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Six years ago Bill Stallings had the world by the tail. Just 35 years old, the hotshot developer was heralded in gossip and business columns as the man behind the redevelopment of the Chase Park Plaza Hotel. Mothballed since 1989, the landmark hotel had long served as the playground for visiting dignitaries and celebrities staying in St. Louis, and now Stallings' $65-million renovation would restore it to its former glory.
Stallings wasn't going to stop there. As fast as his Mercedes SL500 convertible, a gold-plated notion raced through him: Bill Stallings -- real-estate magnate. By 1998 Stallings was speeding down the freeway to financial glory. In an article recognizing him as one of the city's pre-eminent businesspeople under the age of 40, the St. Louis Business Journal reported his holdings, in addition to the Chase Park Plaza, to include thirteen shopping centers and strip malls, and a warehouse on Washington Avenue that would soon be converted into a nightclub and condos.
What a heady time it was -- perhaps right up there with Stallings being the St. Louis Steamers' top draft pick after he graduated from Southern Illinois University-Edwardsville. All told, Stallings laid claim to more than two million square feet of property in St. Louis. Not quite Donald Trump, but not bad for a kid from north St. Louis County who started with nothing.
Bill Stallings' life has long been a game of "Chutes and Ladders." And for quite a while, he's been riding the chute.
Chase ownership blacklisted Stallings soon after the hotel reopened in March 1999, basically telling him not to let the door hit him in the ass on the way out. Local developers say Stallings' brash personality, the many precarious financing arrangements and the millions of dollars in cost overruns all played a part in Stallings' getting the boot.
Stallings' most recent venture, the WS Hotel at Fourth Street and Washington Avenue downtown, is in bankruptcy.
Last month, he began serving a two-month sentence in a Memphis federal prison for his second felony conviction in the past four years.
"Getting the Chase done was an amazing accomplishment that at the time earned him a tremendous amount of respect," says one downtown developer. "It was a very bold and courageous thing to do. That said, Stallings has been pretty much a non-entity for the past three years. Following his latest felony, everyone in the development community thinks he's a joke."
Other developers say they never put much stock in Stallings and questioned his ability to tackle such an ambitious project as the Chase renovation.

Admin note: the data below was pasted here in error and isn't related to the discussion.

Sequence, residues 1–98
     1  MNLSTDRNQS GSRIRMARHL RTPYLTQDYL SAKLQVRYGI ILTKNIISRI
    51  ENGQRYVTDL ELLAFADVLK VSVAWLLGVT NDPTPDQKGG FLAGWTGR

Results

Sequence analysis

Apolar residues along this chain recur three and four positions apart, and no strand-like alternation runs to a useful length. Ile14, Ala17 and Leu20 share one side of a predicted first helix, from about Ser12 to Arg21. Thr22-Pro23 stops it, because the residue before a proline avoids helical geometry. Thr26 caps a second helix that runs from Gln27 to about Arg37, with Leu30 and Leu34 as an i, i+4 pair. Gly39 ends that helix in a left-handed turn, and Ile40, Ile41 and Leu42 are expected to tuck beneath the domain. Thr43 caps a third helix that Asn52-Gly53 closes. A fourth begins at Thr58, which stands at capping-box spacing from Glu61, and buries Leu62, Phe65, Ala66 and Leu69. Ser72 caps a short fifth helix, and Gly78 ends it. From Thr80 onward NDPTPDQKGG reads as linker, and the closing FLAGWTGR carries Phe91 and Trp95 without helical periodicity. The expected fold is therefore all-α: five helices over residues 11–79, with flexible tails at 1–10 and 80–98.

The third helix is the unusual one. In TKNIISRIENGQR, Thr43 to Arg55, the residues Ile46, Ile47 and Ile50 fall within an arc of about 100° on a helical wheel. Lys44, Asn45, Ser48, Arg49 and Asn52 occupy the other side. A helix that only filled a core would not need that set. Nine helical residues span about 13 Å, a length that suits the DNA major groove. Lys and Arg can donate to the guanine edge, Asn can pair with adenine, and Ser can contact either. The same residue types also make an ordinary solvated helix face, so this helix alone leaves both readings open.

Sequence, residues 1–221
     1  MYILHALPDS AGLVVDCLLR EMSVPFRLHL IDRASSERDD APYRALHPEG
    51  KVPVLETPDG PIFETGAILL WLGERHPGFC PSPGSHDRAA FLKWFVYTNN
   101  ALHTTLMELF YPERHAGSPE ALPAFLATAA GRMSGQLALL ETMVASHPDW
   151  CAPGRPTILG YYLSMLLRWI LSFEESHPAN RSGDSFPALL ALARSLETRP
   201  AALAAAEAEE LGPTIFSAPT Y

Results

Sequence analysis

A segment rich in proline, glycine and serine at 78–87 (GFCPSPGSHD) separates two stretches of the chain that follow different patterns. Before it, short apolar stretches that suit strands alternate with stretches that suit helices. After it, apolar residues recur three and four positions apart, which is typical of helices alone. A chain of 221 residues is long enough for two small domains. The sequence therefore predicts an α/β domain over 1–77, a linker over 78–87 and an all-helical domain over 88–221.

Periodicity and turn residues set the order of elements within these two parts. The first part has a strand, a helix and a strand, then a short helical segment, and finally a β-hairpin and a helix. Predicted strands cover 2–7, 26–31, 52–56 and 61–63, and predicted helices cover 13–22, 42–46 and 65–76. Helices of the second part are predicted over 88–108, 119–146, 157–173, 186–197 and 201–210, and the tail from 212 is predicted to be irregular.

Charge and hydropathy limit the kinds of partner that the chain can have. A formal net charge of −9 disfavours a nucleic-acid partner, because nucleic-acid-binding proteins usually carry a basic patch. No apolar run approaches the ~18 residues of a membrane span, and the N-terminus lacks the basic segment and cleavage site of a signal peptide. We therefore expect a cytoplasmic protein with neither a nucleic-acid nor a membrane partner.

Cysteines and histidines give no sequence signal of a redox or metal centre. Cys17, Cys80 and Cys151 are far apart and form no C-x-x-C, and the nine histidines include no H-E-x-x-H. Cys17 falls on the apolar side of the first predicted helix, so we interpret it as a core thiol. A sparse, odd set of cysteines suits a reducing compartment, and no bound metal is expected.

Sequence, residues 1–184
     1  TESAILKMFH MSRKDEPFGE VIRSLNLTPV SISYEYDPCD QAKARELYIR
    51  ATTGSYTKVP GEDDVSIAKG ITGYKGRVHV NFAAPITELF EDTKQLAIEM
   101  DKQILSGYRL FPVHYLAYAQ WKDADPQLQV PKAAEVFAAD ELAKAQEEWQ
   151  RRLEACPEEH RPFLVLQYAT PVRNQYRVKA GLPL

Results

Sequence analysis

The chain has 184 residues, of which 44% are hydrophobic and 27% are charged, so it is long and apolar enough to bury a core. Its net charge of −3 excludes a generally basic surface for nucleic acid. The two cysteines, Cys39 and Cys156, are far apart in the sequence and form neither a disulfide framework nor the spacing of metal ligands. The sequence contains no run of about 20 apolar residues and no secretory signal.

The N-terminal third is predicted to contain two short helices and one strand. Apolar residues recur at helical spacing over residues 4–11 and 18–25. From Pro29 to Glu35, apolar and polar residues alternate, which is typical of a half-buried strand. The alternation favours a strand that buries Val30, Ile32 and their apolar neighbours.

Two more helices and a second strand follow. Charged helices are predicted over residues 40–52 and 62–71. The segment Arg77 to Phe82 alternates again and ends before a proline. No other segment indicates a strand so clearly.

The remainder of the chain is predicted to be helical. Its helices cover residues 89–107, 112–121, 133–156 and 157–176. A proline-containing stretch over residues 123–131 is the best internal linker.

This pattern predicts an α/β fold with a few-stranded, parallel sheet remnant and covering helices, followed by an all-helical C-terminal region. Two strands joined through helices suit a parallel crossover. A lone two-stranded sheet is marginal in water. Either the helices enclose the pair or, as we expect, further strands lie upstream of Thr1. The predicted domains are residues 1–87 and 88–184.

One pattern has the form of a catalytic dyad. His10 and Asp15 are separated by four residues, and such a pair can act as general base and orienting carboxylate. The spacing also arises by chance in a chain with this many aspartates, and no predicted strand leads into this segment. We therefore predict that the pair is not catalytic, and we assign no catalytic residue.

During the Chase renovation project, Rothschild recalls, the three developers met to discuss the sale of some property Rothschild owned in the Central West End. Everything was going fine until Stallings burst into the room.
"Immediately he says in a dismissive and arrogant way that the price we were kicking around was too high, and that if he wanted the property he would take it by eminent domain," recounts Rothschild. "It was one of the ugliest business meetings I ever attended, and later I called Jim and told him, 'If you sleep with dogs, you get fleas.'"
Rothschild says he was hardly surprised to learn a few months later that Stallings had been cut loose from the Chase Hotel.
Both of Stallings' well-documented felony convictions stem from real-estate transactions. But much of his more egregious behavior has gone largely unreported, including allegations of date rape and bribing a police officer.
Stallings is suspected in July 2003 of paying a former Florissant cop, James Cox, $1,600 to arrest his ex-girlfriend, Christine Lambert, on trumped-up charges of credit-card theft. Stallings did it, claims Lambert, in order to undermine her chances of winning a bitter child-custody battle over their twenty-month-old daughter, Sydney. The two currently share custody of the girl, but Stallings is looking to gain full custody.
"He's a total fucking control freak," says Lambert, who argues that Stallings never showed much interest in the child until well after she was born. "Now he'll stop at nothing to get the baby, and he knows I'll eventually run out of money to fight him in court."
When the credit-card charges didn't stick, Lambert alleges, the ex-cop and the embattled developer cooked up a plan in which Stallings would pay Cox $1,000 to plant drugs on her. Others involved in the case, none of whom would talk on record, also identify Stallings as the man who approached Cox.
Cox pleaded guilty for his role in the conspiracy two months ago, but the FBI and U.S. District Attorney continue to keep a tight lid on the name of Cox's accomplice.
Those who know Stallings -- many of whom declined to be identified in this story -- express no surprise that he might try to send the mother of his toddling daughter to prison on false charges.
What most astounds them, though, is that he wasn't put away sooner.
"I've talked to prosecutors in the city, and they all express surprise that he hasn't been charged for more," says a downtown developer who's kept close tabs on Stallings since the late 1990s.
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